Saturday 22 October 2016

Notebook: A look at the week that was

Aingeala Flannery

Published 04/09/2016 | 02:30

Genius: Thanks for the memories - and life lessons, Gene Wilder Photo: AP Photo/Steven Senne
Genius: Thanks for the memories - and life lessons, Gene Wilder Photo: AP Photo/Steven Senne

We were never ready to go back to school when I was a child. Back then, it always seemed to fall on the morning after the All-Ireland hurling final, after a black and amber retinue of near and distant relations landed on our doorstep in Clondalkin, looking for a bed for the night, with only a scattering of tickets between them. The children were assigned sleeping bags on the floor in the big room. The first day back at school for culchie kids was a blur, especially if Kilkenny won, which they usually did.

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Fifteen years ago, my mother packed her bags and returned to the banks of the Suir that flows down by Mooncoin. She still scrounges for match tickets and can't understand why working in media doesn't give me a licence to print them. On Monday, she'd some business in Dublin and while she was on the train, I was queuing to buy school shoes for her grandson. My phone pinged with a message from The Anton Savage Show: Henry Shefflin was in studio with the Liam McCarthy Cup and was happy to pose for pictures. A photo of her grandson with King Henry would please my mother greatly, but if I abandoned the queue, the child would be going to back to school barefoot. So I stayed and shelled out €70 for a pair with tractor-tyre soles.

No matter what radio station I turned on in the car, parents were giving out about back-to-school costs. The price of shoes is no small thing. In 1982, Kilkenny won the All-Ireland and the Fine Gael-Labour government collapsed after John Bruton tried to impose VAT on children's shoes. I was discussing this with my mother as I drove her to back to Heuston on Tuesday. Blueshirts, she hissed. And they'd the nerve to say that women with small feet could abuse the system. She waved her travel pass at me - at least Charlie got me this. And off she went.

When I'm driving around with my son and the radio on, the only news blackout I impose is when something horrible happens to children. I hear it coming and turn off before he hears it. How do you explain what befell Clodagh Hawe and her children in Cavan this week? You don't. You can't. It doesn't bear thinking about.

It's easier to talk about shoes and the Apple tax. If a child's shoe can bring down a government, it should be a doddle for a €13bn tax rebate. On The Last Word, Matt Cooper was in pugilistic form and Junior Minister Eoghan Murphy was floundering on the ropes. Why don't you take the money and run? It's not that simple, came the reply. By Wednesday it had become a refrain. It's not our money to take, the ruling is a commercially sensitive document far too complex for ordinary people to understand, we would scare foreign investors and lose thousands of jobs. It had a familiar ring. Paddy's at the bar without an arse in his trousers, buying drink for all and sundry.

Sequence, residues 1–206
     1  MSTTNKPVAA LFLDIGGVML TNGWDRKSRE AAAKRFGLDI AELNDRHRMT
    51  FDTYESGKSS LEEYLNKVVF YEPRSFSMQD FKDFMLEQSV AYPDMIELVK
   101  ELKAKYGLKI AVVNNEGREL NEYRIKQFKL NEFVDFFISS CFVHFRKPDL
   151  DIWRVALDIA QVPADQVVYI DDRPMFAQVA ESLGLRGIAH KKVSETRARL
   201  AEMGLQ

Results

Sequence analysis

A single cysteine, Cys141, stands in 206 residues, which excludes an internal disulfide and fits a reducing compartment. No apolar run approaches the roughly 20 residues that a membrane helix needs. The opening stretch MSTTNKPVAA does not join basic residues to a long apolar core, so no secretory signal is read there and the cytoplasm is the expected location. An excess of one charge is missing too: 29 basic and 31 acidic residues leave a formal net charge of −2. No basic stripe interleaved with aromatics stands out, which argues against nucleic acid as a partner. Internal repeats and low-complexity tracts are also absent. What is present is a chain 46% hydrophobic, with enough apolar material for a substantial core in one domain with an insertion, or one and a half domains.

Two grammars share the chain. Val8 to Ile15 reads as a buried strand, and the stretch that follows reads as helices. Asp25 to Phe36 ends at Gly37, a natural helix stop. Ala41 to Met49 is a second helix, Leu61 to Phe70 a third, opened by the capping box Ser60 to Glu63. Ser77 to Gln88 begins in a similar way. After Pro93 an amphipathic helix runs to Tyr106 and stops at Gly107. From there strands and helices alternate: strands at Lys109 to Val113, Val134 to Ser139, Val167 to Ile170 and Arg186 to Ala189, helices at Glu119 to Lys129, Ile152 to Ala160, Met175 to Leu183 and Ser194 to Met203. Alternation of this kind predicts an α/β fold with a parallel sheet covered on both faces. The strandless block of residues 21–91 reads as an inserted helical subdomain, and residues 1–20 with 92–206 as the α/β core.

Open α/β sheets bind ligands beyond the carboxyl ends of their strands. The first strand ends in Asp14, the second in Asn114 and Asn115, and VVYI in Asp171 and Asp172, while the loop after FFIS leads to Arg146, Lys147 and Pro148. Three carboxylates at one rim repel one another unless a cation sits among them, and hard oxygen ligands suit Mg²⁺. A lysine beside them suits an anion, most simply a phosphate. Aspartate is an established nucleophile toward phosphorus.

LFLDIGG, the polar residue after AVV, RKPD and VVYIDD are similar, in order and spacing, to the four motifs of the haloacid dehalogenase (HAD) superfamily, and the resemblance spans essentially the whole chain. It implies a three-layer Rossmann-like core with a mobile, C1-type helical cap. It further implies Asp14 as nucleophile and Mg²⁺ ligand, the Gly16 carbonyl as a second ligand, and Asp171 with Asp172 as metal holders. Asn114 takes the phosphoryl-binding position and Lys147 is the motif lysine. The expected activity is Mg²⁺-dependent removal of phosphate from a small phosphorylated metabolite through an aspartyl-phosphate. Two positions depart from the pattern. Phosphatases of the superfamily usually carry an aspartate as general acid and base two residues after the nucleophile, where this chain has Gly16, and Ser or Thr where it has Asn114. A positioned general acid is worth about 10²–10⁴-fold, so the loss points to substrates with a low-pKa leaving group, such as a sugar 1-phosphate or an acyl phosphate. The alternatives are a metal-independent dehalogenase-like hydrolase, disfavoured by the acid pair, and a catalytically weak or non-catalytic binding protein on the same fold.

Still, hasn't it always been thus: one tax for the rich and plenty more for the rest of us. There's nothing that can't be and hasn't been taxed: hats, salt, windows, dogs, televisions, ink, tampons. The Tudors taxed beards, making them the accessory du jour in 16th-century England: the more extravagant the growth the wealthier the owner. Peter the Great did the same thing in Russia, dispatching beard police to check that hairy men had on their person a bronze coin to show their bristly smigs were tax compliant. To this day, the Hungarians tax soap, and in case you've ever wondered why there are more hipsters in Oregon than in Arkansas - the latter imposes a 6pc tax on all body piercings, tattoos and hair removal. There could be something in that, a levy on preening - the Vanity Tax. Michael Noonan could eradicate hipsters and the much-loathed USC in a single stroke.

His lepping to the defence of Apple's taxation position (not a "deal" - we don't do "deals") wasn't going down well at all, at all, with the Independents at the cabinet table. They'd have to be seen to do a lot of harrumphing before getting into line. That said, Shane Ross must have been relieved to have something other than Rio to think about. At the height of the Apple tax furore, Pat Hickey was released from Bangu jail with a considerably smaller kerfuffle than when he entered it. In Thursday's papers, he looked healthy and composed, with his head unshaved, which must have been disappointing for the newspaper snappers lying in wait.

The €70 shoes, meanwhile, are proving most unsatisfactory. By Thursday evening, my young lad is rightly crippled. All week I'd been promising a popcorn session on the sofa watching Willy Wonka. He tells me his granny will be dead in 12 years if she lives to be as old as Gene Wilder. I tell him Kilkenny women live to be 100, and he works out that she has 29 years to go. I'm glad he's learning something at school, and that he's not good enough at sums to become an accountant or a banker. I rub his feet and we talk about who's a good egg and who's a bad egg. He roars laughing when Veruca Salt is sucked down the rubbish chute. Fare thee well and thank you, Gene Wilder, for teaching my son all he needs to know about greed.

Aingeala Flannery, producer of Neil Delamere's 'Sunday Best' on Today FM

Sunday Independent

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